- HVPW is an income generating fund, and creates income by selling 15% out-of-the-money put options every two months on a portfolio of twenty stocks.
- Launched in February 2013, and over the first twelve months paid six distributions totaling $2.29 per share (a little over 9%), and had a total return of about 10.7%.
- For many investors interested in yield HVPW is a fund income investors should consider as part of their overall income portfolio.
Dave Fry interviews Kevin Rich of Rich Investment Solutions and sub-advisor to ALPs U.S. Equity High Volatility Put Write Index Fund. The fund is designed to generate a high level of income while maintaining risk management tools.
Kevin created and launched the Deutsche Bank commodity- and currency-based ETFs in 2006. These included popular DBC (DB PowerShares Commodity Tracking ETF), DBA (DB PowerShares Agriculture ETF), UUP (DB PowerShares Bullish Dollar Index ETF), and UDN (DB PowerShares Bearish Dollar Index ETF) among others. During that period, it was my pleasure to interview and get to know Kevin and incorporate these funds for ETF Digest subscribers.
Kevin left DB several years ago and recently launched an interesting ETF, so we thought we would check in and see how year one went for HVPW, the ALPS US Equity High Volatility Put Write Index Fund. Kevin's firm, Rich Investment Solutions, is the sub-adviser to this new fund off the same ALPS platform that has brought the select SPDRS series of ETFs and the Alerian MLP ETF AMLP.
Dave: Congratulations on a key milestone: "year one under your belt". So many ETFs have difficulty getting out of the gate these days. Remind us what HVPW set out to do, and more importantly, how did it perform?
Kevin: Thanks Dave, as you may recall, HVPW is an income generating fund, and creates income by selling 15% out-of-the-money put options every two months on a portfolio of twenty stocks. The stocks are selected by a rules based underlying index, which focuses on high volatility securities that also meet criteria on liquidity, market cap and sector concentration. Investors receive the income by assuming the risk the underlying equities drop in value below the option strike price.
HVPW launched at $25 a share in February 2013, and over the first twelve months paid six distributions totaling $2.29 per share (a little over 9%), and had a total return of about 10.7%. Notable in year one was the low realized volatility of HVPW, about one-third of the volatility of the S&P500, which gave it an impressive risk/return profile.
Dave: Sounds like you are off to a good start. Who have you seen using HVPW, and how are they using it?
Kevin: The first adopters were primarily RIAs, funds and institutions familiar with the mechanics and benefits of put writing strategies, we believe. Most added us into their income models and allocations, while some viewed HVPW as a defensive equity position. Still others, mainly institutional accounts, we believe, allocated HVPW to their liquid alternative bucket. Certain channels wait to see whether new ETFs gain assets and trading volume, so HVPW's current assets of $73 million and 30 day trading average of 67,000 shares a day should have put us on the radar/review pipelines for many of the major advisory firms.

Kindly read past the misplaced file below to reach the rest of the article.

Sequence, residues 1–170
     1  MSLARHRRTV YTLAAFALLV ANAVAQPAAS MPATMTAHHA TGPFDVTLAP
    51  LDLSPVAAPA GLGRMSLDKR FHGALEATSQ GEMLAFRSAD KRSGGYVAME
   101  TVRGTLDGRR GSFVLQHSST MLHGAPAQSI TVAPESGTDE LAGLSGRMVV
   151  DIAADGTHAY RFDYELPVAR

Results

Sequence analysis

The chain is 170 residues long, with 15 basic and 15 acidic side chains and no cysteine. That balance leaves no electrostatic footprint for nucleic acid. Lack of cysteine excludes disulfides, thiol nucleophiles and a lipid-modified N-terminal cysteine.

Dave: Meeting your 9% distribution target has been impressive, so I get the "income" part, but why do you and others view HVPW as "defensive equity"?
Kevin: Because HVPW writes 15% out of the money puts every two months on a diversified set of 20 underlying stocks, even though the underlying stocks have a high volatility, the 15% buffer, diversification and short duration have given the index and fund themselves a level of downside protection relative to the overall market.
Dave: You know we live in a yield hungry world. HVPW has done a good job so far as has been our experience as well, but how confident are you the fund will generate at least 1.5% each 60 day period so you can meet your target going forward?
Kevin: Looking at the index HVPW tracks, which launched in February 2012, we see the strategy generated approximately 3% premium on average per period, so based on this, we believe the 1.5% should continue to be achievable, but there is no guarantee.
Dave: Is HVPW the same as a buy-write strategy or buy-write ETF?
Kevin: Yes, HVPW is similar to the buy-write ETFs, since both generate income and give up the upside of the underlying equities. HVPW has an advantage over buy-writes in that it sells 15% out of the money puts, where buy-writes are typically at-the-money or out-of-the-money strategies, and do not give you a buffer on the downside the way HVPW does.
Dave: What market environments do you think your fund will do well in, and where may it struggle?
Kevin: We believe HVPW should perform well in upward trending and sideways trading markets, and may perform better than the broad market equity funds in downward trending/bear markets because of the downside protection it provides. In extreme bear markets, because HVPW is effectively long the stocks it has written options on, HVPW will probably perform poorly just like the broad market equity funds, with the potential to perform better because of the downward protection it provides.
Dave: How often do you expect the options in HVPW to expire worthless on average?
Kevin: Based on the index history and what we have seen in the fund so far, we would guess over time 80%-85% of the options would expire worthless.
Dave: Thanks Kevin.
Disclosure: ETF Digest incorporated HVPW into our Growth & Income model portfolio when HVPW was launched.
Disclosure: I am long HVPW. I wrote this article myself, and it expresses my own opinions. I am not receiving compensation for it. I have no business relationship with any company whose stock is mentioned in this article.